- German Grand Prix
European Commission extends Nurburgring investigation
The European Commission has extended an investigation into the financial aid given to the Nurburgring to help it avoid insolvency.
The European Commission first opened the investigation in March to assess whether a package of state aid worth €524 million was in line with the EU's state aid rules. Since then the circuit has received additional public support measures, which according to the European Commission include "a rescheduling of interest payments on previously awarded loans, a subordination of claims and, possibly, an additional shareholder's loan".
The European Commission plans to investigate whether that breaches EU competition regulations that only allow state aid to be given to a company in financial difficulties once every ten years.
"The European Commission has extended the scope of an in-depth investigation opened in March 2012 under EU state aid rules regarding a set of aid measures supporting the racetrack and leisure park at Nürburgring in Germany," a European Commission press release said. "The extension concerns several additional financial measures aimed at avoiding an immediate insolvency of the companies concerned. At this stage, the Commission has doubts that the measures were granted on market terms and that the companies are viable without continued state support. The extension of an in-depth investigation gives interested third parties an opportunity to comment on the additional measures under assessment; it does not prejudge the outcome of the investigation.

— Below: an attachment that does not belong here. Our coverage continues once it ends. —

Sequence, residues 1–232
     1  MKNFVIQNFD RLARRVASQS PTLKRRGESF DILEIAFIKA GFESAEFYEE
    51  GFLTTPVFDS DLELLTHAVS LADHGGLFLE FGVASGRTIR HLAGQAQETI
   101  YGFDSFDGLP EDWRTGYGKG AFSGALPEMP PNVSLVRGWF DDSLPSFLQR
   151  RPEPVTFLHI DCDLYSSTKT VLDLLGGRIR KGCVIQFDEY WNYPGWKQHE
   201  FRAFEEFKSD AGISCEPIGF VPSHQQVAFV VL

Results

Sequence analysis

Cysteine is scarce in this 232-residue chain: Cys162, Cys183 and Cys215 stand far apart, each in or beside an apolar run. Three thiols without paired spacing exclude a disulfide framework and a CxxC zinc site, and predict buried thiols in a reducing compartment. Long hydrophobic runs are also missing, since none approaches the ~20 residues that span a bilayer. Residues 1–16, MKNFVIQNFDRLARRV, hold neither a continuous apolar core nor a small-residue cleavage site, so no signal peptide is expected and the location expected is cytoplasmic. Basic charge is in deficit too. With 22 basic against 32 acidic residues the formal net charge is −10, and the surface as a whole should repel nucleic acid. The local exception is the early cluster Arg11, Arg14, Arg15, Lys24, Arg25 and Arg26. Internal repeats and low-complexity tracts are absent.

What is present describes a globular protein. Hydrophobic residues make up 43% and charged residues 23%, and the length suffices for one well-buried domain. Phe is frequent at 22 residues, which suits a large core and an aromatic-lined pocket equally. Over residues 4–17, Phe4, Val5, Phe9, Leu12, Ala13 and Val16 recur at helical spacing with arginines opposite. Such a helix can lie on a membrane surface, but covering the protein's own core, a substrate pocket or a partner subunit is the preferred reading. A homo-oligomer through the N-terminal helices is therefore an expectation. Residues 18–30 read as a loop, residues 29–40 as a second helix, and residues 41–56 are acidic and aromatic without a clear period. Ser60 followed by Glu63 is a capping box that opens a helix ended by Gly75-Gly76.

"Additional public support measures in favour of the companies that operate the German racetrack and leisure park Nürburgring were decided on 15 May 2012 and partly implemented in order to avoid an immediate insolvency of the companies that operate the facilities. The measures consist of a rescheduling of interest payments on previously awarded loans, a subordination of claims and, possibly, an additional shareholder's loan in order to keep the companies in business for six months. During that period, a restructuring or liquidation plan will be drawn up.
"The Commission considers that these additional measures are strongly linked to other aid measures that it has been investigating since March 2012 because of concerns that they may not have been granted on market terms. The Commission is concerned that Nürburgring may already have been a company in difficulties in 2008, when it received the previous aid. Because of its highly distortive effects on competition, rescue or restructuring aid to a company in financial difficulties may be granted to a given company only once in a period of 10 years (the "one time, last time" principle of the EU guidelines on the rescue and restructuring of companies in difficulties)."